The bottom line: Does digitization offer more opportunities in international business?

Digital technologies definitely offer more opportunities! However not just for you, but also for your competitors. Everyone has access to more information, to new distribution channels. This is sometimes underestimated. The combination of digitization and globalization will lead to exposure to more foreign competitors. In future, Swiss SMEs and large companies will have to specialize even more than they already do today. Focus on what you do best. The more you have to deal with competitors, the more you need to hone your business model, be unique, perhaps even provide additional services to justify the higher price again and again. This is still rather difficult, because it will mean that some SMEs will have to wind down some areas, even though they were successful in the past. For the location as a whole, it is essential that many companies specialize internationally, since this is the only way to make the economy as a whole more competitive.

This poses huge challenges for exporting SMEs that have already been struggling with their strong currency for years.

Certainly, but this is nothing new. Throughout the entire history of the economy, all companies facing competition from abroad have always been compelled to develop innovations and to use new technologies. The oldest sources that report of multinationals are 4,000 years old and date back to the Assyrian empire. Just imagine you had to run an international company back then! At the time, company managers also relied on innovation. They developed the first basic accounting systems and adapted the art of writing for their purposes. Even now, we must not perceive today's technologies and the challenges they entail merely as a threat. They represent a clear opportunity for the highly specialized Swiss SMEs to hold their own better against international competitors.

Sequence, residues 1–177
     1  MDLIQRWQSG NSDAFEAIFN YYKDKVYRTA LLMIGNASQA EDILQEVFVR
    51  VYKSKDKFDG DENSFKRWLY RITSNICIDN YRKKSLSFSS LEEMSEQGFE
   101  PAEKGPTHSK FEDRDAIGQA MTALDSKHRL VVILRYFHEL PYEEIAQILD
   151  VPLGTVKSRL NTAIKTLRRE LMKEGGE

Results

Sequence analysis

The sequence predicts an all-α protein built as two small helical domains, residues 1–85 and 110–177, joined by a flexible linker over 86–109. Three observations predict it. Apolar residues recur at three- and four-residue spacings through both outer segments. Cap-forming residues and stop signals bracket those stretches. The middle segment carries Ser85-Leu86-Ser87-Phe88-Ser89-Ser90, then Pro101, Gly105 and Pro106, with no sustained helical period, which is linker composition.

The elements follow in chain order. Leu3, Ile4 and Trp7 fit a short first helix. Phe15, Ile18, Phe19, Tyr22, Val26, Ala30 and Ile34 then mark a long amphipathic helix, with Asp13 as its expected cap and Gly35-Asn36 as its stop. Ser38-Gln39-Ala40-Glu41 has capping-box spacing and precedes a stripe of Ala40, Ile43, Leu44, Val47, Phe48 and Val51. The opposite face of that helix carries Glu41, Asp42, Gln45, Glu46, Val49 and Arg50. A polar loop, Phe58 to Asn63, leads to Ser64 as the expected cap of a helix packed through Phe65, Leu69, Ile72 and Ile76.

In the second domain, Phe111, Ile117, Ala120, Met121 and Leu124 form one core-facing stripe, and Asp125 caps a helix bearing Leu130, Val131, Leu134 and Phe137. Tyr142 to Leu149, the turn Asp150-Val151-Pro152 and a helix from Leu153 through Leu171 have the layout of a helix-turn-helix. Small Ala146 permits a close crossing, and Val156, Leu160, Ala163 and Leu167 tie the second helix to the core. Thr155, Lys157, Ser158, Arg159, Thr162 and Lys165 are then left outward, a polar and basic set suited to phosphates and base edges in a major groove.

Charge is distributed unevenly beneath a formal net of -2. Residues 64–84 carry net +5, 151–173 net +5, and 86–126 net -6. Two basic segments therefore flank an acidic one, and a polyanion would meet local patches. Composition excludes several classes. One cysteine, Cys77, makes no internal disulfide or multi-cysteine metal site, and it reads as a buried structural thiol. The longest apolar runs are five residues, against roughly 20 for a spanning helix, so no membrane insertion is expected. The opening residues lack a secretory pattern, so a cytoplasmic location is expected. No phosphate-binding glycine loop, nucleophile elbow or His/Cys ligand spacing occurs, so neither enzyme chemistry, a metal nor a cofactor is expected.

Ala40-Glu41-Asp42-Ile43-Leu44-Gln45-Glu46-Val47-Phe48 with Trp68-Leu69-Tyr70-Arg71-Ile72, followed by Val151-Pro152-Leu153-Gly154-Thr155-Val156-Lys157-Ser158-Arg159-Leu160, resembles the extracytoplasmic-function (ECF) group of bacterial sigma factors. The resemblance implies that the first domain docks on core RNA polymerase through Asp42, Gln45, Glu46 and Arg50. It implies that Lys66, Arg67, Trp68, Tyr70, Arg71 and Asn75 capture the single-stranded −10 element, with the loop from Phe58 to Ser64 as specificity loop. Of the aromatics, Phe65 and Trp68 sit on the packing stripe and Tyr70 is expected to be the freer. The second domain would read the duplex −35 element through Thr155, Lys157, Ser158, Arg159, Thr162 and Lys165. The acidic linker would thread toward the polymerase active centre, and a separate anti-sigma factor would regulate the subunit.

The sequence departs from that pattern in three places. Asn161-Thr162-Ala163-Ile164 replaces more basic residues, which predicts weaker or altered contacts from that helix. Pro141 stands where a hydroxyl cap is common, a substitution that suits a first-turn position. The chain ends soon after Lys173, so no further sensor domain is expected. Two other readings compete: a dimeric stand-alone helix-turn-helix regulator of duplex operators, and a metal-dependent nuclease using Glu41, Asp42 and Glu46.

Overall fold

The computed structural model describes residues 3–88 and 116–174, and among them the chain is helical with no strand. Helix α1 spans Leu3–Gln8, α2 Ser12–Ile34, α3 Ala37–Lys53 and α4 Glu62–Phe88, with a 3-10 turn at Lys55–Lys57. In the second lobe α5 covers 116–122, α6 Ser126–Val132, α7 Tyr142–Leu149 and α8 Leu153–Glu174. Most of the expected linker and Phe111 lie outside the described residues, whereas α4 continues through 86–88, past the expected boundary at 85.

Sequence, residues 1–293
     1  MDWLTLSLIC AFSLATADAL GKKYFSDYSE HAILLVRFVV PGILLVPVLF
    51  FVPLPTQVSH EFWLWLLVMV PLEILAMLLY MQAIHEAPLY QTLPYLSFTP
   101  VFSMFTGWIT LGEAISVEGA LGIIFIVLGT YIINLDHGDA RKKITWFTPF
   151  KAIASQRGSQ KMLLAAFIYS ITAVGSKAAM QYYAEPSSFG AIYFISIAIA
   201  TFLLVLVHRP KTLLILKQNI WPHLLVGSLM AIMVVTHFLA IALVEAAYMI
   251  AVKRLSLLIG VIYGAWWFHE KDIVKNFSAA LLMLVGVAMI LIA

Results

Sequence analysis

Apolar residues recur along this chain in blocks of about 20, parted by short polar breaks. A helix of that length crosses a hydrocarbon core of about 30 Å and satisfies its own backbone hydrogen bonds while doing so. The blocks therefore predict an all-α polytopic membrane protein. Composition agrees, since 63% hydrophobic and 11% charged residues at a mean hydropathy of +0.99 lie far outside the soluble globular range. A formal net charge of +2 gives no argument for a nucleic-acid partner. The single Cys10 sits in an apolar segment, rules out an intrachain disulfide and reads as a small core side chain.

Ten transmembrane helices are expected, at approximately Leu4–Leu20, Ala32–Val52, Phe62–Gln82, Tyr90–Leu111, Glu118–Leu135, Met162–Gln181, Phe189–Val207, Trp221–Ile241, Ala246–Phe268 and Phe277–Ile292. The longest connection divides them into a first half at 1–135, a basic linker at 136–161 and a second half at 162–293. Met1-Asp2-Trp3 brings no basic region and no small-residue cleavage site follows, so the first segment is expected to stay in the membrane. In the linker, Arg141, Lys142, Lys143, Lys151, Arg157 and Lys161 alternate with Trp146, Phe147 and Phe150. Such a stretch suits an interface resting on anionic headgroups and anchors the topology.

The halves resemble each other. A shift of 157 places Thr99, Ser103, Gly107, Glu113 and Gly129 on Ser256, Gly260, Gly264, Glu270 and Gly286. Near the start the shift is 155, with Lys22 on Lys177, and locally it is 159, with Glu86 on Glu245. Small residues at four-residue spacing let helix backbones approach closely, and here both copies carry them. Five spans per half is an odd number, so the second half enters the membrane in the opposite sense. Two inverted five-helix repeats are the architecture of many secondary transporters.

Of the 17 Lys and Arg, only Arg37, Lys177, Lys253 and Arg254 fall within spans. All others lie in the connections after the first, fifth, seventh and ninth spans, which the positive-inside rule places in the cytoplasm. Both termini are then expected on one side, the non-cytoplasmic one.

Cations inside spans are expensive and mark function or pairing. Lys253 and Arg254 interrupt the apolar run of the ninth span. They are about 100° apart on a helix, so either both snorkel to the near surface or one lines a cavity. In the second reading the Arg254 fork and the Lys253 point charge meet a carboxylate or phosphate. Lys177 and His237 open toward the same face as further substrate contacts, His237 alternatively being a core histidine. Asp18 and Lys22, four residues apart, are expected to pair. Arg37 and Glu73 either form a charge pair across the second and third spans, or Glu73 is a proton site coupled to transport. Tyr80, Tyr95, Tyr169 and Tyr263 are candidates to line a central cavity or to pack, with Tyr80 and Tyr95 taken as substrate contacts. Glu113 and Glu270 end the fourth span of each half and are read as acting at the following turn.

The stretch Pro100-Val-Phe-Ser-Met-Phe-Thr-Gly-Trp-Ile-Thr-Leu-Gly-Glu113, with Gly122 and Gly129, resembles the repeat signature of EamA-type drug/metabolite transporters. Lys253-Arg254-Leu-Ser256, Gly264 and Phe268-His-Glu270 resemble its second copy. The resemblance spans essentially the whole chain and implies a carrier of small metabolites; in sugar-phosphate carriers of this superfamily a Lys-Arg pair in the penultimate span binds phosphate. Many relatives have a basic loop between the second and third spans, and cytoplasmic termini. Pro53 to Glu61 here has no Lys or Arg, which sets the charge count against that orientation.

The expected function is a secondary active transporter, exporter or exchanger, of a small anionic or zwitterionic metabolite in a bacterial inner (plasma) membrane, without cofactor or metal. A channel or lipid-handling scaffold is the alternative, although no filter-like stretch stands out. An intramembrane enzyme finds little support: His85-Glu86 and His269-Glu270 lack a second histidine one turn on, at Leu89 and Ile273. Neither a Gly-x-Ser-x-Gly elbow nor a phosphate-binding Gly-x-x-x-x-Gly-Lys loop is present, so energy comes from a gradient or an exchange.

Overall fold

Winfried Ruigrok is Professor of Management with special focus on international management at the University of St. Gallen.

The four basic questions of internationalization

Despite all the differences and coincidences, Professor Winfried Ruigrok sees four basic questions for companies who want to enter or expand into international business.

  • Why should we internationalize? What will this enable us to achieve? Could we even improve ourselves and offer more by growing? The realization that it could be worthwhile to go international is a mental process that can take a while.
  • When is the right time to internationalize or to venture into a new market? Contrary to what is commonly assumed, you do not necessarily have to be a first mover – as a second or third mover you can perhaps learn from the experiences of the others.
  • Where , i.e. in which market should we become internationally active? Experience has shown that the vast majority of companies progress gradually from local to distant markets.
  • How should we tackle internationalization? Establishing networks abroad is especially crucial. This is where organizations such as S-GE play an important role.